By Don Macica,
Photos by Charlie Billups
A long awaited community event took place last night in Chicago’s Hermosa neighborhood. Saxophonist and MacArthur fellow Miguel Zenón, visiting the city to present his Identities are Changeable project at the University of Chicago’s Logan Center, came to Segundo Ruiz Belvis Cultural Center to share his motivations and processes behind Identities and explore different facets of Afro-Puerto Rican music with local musicians.
We were there, and it was truly a once in a lifetime experience, requiring the collaboration and mutual respect of many individuals and institutions to make it happen. Miguel Zenón, of course, but also the University, SRBCC’s executive director Omar Torres-Kortright and several Chicago musicians who help keep Puerto Rican culture alive: jazz saxophonist Roy McGrath and his quartet, traditional bomba ensemble Buya, and SRBCC’s own youth ensemble, Arawak’Opia.
Zenón opened the evening by talking about the process of creating Identities are Changeable, a multi-media big band project about the idea of identity among Puerto Ricans born in the United States. The concepts were illustrated by video excerpts. He then took several questions from the audience, which he answered thoughtfully and at length.
The music that followed was wonderful, starting with Zenón playing with the young musicians, singers and dancers of Arawak’Opia. A little loose, perhaps, but genuinely inspirational. McGrath, who was born in San Juan but now lives in Chicago, joined Zenón for a jazz take on three Puerto Rican classics, Obsesión, Perfume de Gardenaias and Capullito de Alelì. Finally, Buya took the stage with their usual energy and spirit while Zenón improvised in and around their powerful drumming, singing and dancing. The group learned Zenón’s composition Esta Plena especially for this occasion, and they nailed it.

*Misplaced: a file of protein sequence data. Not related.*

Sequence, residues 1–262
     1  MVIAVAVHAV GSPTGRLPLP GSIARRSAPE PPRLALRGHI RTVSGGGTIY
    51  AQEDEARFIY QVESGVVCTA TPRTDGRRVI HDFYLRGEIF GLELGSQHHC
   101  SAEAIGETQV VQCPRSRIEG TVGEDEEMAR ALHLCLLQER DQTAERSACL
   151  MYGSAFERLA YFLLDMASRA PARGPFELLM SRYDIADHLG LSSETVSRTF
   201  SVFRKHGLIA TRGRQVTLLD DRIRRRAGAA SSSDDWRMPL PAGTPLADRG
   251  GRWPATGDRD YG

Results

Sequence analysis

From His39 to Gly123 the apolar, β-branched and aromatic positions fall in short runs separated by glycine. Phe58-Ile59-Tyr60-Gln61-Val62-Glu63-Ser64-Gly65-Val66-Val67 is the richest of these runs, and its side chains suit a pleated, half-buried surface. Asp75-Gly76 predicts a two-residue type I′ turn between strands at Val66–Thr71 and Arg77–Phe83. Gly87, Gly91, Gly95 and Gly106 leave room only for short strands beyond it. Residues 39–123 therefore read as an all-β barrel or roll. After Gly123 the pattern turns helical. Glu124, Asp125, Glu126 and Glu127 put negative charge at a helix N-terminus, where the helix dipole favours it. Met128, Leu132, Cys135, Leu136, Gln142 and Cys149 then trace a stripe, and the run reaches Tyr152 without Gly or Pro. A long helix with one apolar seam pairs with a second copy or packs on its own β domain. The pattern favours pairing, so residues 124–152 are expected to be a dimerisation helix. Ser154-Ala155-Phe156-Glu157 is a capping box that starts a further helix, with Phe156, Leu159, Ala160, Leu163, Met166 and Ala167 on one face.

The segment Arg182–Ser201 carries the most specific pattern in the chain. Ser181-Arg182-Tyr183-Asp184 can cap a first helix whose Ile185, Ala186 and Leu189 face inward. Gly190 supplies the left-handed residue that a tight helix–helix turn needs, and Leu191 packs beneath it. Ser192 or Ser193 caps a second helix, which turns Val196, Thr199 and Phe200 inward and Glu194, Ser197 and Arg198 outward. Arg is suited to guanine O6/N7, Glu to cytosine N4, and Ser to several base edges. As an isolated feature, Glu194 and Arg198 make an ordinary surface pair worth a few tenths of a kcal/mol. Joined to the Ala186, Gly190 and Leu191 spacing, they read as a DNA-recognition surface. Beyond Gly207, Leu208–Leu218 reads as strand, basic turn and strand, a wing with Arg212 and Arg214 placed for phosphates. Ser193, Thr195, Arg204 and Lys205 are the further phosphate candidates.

Equal to the music was the sense of shared community in the room going back and forth between the performers on the stage and the people in the audience as barriers between the two dissolved. In just a couple of years, SRBCC has established themselves in Hermosa after over four decades based in Wicker Park. They have gone where the community needs them most, and bringing a world class talent like Miguel Zenón and presenting him for free is a testament to their commitment to the neighborhood. They have a huge summer of activity planned, starting almost immediately with programs presented in collaboration with The 606 and Night Out in the Parks. Visit their website srbcc.org for a complete schedule.
Photographer Charlie Billups, who has been documenting Puerto Rican and Latino culture in Chicago, was at the Zenón event and took the pictures below. You can view more of his work at his Tumblr blog or at charliebillups.com.